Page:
Jumping Clinic with George Morris

George Morris critiques an eventer's position.
Credit: © connecticutphoto.com/Brian Wilcox

Credit: © connecticutphoto.com/Brian Wilcox

This is a very accomplished, bold rider with a strong leg and great balance. Her leg is beautiful with her heel down, ankle flexed and a great stirrup length. Her toe might be out too much to be ideal for an equitation rider, but it is perfect for an eventer as it puts the calf on the horse in a viselike grip and acts as a strong driving aid. 

Her base of support—the seat and thigh—is just right. The horse’s thrust has closed her hip angle and tossed her seat out of the saddle. There is nothing mannered or artificial here. Her back is naturally flat under her vest, and she is looking between her horse’s ears for the next obstacle.

Her release is about a half inch off of being perfectly straight between the bit and her elbow, but it still qualifies as jumping out of hand. Also known as an automatic release, this release offers the best communication between horse and rider as the rider is not leaning on the horse’s neck for balance and can instantly and subtly cue him. 

This is a wonderful horse with a conscientious and intelligent expression. His front end is lovely, with his knees up and even and his forearms square and tight. I would be happy to run him down to any solid fence myself. He might be a little hollow in the back, but I suspect it is because he has a little apprehension about hitting his rider’s hand and the rather stiff gag bit upon landing. Although many people like them, I am not a huge fan of gags because they can be quite strong and many horses fear hitting them.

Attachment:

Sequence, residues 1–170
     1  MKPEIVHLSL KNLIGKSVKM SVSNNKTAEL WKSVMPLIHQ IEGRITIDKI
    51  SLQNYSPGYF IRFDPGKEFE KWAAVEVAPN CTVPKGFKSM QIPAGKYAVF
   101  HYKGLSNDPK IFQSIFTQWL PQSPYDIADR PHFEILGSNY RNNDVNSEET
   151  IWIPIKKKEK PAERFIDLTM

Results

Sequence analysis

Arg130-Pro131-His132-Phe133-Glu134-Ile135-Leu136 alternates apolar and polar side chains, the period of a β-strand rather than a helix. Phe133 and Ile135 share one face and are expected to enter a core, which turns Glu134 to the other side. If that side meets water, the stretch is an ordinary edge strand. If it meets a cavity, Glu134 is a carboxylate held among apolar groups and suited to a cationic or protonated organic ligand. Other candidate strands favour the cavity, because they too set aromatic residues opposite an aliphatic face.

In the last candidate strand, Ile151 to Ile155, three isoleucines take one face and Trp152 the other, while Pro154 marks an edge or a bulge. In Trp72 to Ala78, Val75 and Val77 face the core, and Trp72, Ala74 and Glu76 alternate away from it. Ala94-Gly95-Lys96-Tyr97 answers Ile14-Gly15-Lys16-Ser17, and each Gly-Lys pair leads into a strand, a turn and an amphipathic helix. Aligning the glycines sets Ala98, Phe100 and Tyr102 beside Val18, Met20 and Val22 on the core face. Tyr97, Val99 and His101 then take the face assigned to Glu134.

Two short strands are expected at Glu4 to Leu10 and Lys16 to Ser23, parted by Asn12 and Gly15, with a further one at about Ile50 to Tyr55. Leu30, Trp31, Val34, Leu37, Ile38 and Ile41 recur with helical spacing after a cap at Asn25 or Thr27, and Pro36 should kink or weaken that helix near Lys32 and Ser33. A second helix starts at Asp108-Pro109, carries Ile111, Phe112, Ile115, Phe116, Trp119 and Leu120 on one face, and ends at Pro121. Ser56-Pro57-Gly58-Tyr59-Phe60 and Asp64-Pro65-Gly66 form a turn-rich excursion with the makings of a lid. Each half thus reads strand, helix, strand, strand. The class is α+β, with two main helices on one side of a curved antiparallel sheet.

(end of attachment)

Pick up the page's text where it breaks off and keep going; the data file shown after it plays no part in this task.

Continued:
The horse looks very fit and is in beautiful coat. The rider is dressed in the attire favored by eventers but in quite a conservative and attractive way. I might thin the horse’s mane and forelock for a neater appearance, but that is a minor quibble.

This article originally appeared in the December 2013 issue of Practical Horseman.

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